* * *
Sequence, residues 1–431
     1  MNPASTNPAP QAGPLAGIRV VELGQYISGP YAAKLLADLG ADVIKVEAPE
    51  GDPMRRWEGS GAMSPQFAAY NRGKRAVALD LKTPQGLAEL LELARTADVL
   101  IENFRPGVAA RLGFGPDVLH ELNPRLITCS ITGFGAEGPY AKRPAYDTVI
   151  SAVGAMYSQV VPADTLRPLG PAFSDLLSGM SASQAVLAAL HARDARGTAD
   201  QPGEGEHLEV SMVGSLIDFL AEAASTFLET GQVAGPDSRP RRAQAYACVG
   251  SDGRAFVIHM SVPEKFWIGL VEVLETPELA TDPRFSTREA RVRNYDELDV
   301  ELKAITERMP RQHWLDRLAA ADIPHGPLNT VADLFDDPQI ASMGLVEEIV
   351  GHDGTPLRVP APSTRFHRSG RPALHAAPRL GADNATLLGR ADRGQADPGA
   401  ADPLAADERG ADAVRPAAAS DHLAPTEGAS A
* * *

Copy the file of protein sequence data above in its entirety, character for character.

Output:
Sequence, residues 1–431
     1  MNPASTNPAP QAGPLAGIRV VELGQYISGP YAAKLLADLG ADVIKVEAPE
    51  GDPMRRWEGS GAMSPQFAAY NRGKRAVALD LKTPQGLAEL LELARTADVL
   101  IENFRPGVAA RLGFGPDVLH ELNPRLITCS ITGFGAEGPY AKRPAYDTVI
   151  SAVGAMYSQV VPADTLRPLG PAFSDLLSGM SASQAVLAAL HARDARGTAD
   201  QPGEGEHLEV SMVGSLIDFL AEAASTFLET GQVAGPDSRP RRAQAYACVG
   251  SDGRAFVIHM SVPEKFWIGL VEVLETPELA TDPRFSTREA RVRNYDELDV
   301  ELKAITERMP RQHWLDRLAA ADIPHGPLNT VADLFDDPQI ASMGLVEEIV
   351  GHDGTPLRVP APSTRFHRSG RPALHAAPRL GADNATLLGR ADRGQADPGA
   401  ADPLAADERG ADAVRPAAAS DHLAPTEGAS A